'The View' Season 19 Already Seems Like It'll Be More Diverse Than Ever & Here's Why
Good news for fans of daytime talk shows with a diverse set of hosts each offering their own personal viewpoint on the news of the day: The View's lineup of hosts has been finalized for Season 19, and, based on the list, the we're in for a promising season of The View. Why? For the best reason: With the addition of hosts Candace Cameron Bure, Paula Faris, and the re-addition of Joy Behar to the existing host lineup of Whoopi Goldberg, Michelle Collins, and Raven Symone, it's way more diverse when it comes to cohosts, which is what television needs for a show that is largely about the female perspective.
Throughout the years, The View has tried to spice things up by offering more diverse viewpoints: For instance, they invited an extremely conservative host like Elisabeth Hasselbeck to the team. But, for a while there, adding more women with wildly different political views only created chaos, not conversation: As the drama heated up backstage — remember that super tense moment where Rosie and Whoopi fought openly about racism on the show? — none of the hosts seemed to offer a wide enough set of life experiences to be called diverse. Instead of presenting a spectrum of smart women, the show always seemed to present “opposite” women, with the hope of those stark differences sparking some kind of drama.
Plus, drama like that did nothing for the show's dwindling ratings: In 2015, The Hollywood Reporter pointed out that The View's ratings were dwindling despite on air theatrics.
But now, for the first time in years, it seems the panel of cohosts is big enough and diverse enough to spark some real conversation, not just heated drama. There are women of color, women of different ages, and women with completely different world views.
Now that seems like the kind of lineup of women that will spark good conversation.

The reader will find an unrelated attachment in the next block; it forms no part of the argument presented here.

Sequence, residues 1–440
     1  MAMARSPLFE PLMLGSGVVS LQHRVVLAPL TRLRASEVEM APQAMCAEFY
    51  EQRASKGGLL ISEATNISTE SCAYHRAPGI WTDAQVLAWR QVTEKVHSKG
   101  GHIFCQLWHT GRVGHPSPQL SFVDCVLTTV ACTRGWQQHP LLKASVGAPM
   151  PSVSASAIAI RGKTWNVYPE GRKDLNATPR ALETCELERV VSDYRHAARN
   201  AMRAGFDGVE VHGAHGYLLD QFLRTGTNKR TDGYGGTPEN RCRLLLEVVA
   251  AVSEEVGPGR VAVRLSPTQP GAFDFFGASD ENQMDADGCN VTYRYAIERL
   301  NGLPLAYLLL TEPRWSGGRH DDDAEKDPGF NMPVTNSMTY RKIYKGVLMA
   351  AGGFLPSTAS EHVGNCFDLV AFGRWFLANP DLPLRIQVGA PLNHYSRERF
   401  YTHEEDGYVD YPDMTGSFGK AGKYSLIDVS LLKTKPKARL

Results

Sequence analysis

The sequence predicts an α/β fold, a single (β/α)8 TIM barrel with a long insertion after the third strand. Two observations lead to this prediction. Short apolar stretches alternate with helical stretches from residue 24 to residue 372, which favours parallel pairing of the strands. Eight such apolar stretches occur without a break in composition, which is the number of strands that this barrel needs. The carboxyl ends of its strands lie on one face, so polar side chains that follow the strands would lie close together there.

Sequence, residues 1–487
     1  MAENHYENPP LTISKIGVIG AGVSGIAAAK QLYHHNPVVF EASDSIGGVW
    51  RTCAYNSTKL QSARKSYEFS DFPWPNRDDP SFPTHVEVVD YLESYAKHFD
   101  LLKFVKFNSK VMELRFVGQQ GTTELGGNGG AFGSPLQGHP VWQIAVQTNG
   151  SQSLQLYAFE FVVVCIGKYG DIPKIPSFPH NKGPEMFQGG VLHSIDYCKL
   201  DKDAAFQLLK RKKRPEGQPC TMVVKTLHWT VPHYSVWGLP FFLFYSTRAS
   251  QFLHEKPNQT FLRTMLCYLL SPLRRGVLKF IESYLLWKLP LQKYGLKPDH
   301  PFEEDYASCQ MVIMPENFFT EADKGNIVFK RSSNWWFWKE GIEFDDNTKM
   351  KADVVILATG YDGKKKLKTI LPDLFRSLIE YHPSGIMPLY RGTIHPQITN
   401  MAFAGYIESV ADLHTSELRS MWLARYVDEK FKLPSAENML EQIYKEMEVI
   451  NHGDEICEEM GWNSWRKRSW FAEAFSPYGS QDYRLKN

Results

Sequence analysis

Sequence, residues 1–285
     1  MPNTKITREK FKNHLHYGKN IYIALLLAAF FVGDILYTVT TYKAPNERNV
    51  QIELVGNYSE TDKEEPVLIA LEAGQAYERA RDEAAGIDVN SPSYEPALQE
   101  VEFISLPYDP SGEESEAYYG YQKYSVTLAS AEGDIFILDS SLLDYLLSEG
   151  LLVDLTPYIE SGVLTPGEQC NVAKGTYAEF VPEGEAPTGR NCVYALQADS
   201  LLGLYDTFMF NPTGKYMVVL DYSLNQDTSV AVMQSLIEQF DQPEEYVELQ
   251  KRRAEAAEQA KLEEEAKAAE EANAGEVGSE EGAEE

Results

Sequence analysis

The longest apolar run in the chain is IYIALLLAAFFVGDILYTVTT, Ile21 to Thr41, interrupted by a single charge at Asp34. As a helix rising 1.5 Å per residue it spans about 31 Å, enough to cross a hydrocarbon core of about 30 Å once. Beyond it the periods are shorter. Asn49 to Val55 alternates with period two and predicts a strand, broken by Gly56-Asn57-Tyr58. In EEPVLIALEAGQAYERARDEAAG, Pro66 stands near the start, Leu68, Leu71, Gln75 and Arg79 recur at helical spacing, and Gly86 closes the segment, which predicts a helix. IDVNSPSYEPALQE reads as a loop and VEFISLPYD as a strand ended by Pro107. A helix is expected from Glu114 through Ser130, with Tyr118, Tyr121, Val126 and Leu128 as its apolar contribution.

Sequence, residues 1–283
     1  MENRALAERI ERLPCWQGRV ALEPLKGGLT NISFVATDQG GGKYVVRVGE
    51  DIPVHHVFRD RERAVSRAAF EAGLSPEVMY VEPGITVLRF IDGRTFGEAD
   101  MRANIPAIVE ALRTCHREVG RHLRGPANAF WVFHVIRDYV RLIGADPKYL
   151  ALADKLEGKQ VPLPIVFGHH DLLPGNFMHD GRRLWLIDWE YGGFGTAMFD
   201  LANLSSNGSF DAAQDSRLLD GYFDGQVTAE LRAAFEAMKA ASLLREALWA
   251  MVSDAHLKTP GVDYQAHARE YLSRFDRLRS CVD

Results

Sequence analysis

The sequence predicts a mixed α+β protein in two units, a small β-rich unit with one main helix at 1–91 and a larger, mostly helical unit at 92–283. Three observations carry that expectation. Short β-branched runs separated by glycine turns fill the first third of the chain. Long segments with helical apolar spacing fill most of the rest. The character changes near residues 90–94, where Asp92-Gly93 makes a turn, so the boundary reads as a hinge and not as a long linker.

As much as the drama might make for fun television, this show is really about tackling serious topics and current events. So, with that in mind, it’s totally necessary to have a wide variety of voices and perspectives on the series in order for these topics to be discussed with any real depth. Debates on most news networks try to "represent" diversity with the same token talking heads, but the new lineup on The View shows a wide range of perspectives. The show has always offered a female perspective on current events, but often from the same kind of women. Especially now, when huge topics like gender, race, and violence are at the forefront of conversation, The View's new lineup of hosts will offer a much-needed diverse perspective on things — and this is important because the audience at home is most likely not all of the same generation or race or sexual orientation or socioeconomic status.
By representing the wide spectrum of female experiences, the show will better appeal to female audiences everywhere — and hopefully tackle topics in a more productive and helpful way.
Let's take a look at the new hosts and what perspectives they have to offer:
Candace Cameron Bure
As someone who grew up in show business, Bure will definitely provide that Hollywood perspective viewers are likely to love. Also, as someone who is outspoken about family and faith, she'll offer a more conservative perspective compared to the other ladies.
Goldberg is returning to the show after making some questionable comments about race and Bill Cosby. In the name of debate, this is a good thing: She isn't afraid to speak her mind and have her point of view heard.
Paula is a former correspondant for ABC News, and will most likely play ring leader to this crew of women. I'm crossing my fingers she's the new Meredith Viera of the group, because that show hasn't been the same since Viera left.
The 33-year-old comedian will definitely keep audiences on their toes and hopefully draw in a younger audience with topics they're interested in too. You know, like whether or not Nick Viall will be on the next season of Bachelor in Paradise.
Returning for another season, Raven Symone is relatively quiet about her personal life. But, after opening up about her sexuality in 2014, and about her relationship with the stunning AzMarie Livingston, it's clear that she will continue to bring a much-needed perspective to the show.
Fan-favorite and comedienne Joy Behar will have to be the new mama bear of the show now that Barbara Walters is gone. She'll hopefully keep the first fans of the show tuning in while delighting new fans with her sharp wit.
So, I’m excited to see a more diverse lineup — and I’m looking forward to a season where the cohosts contribute to the important conversations of the day, not take away from them with petty drama.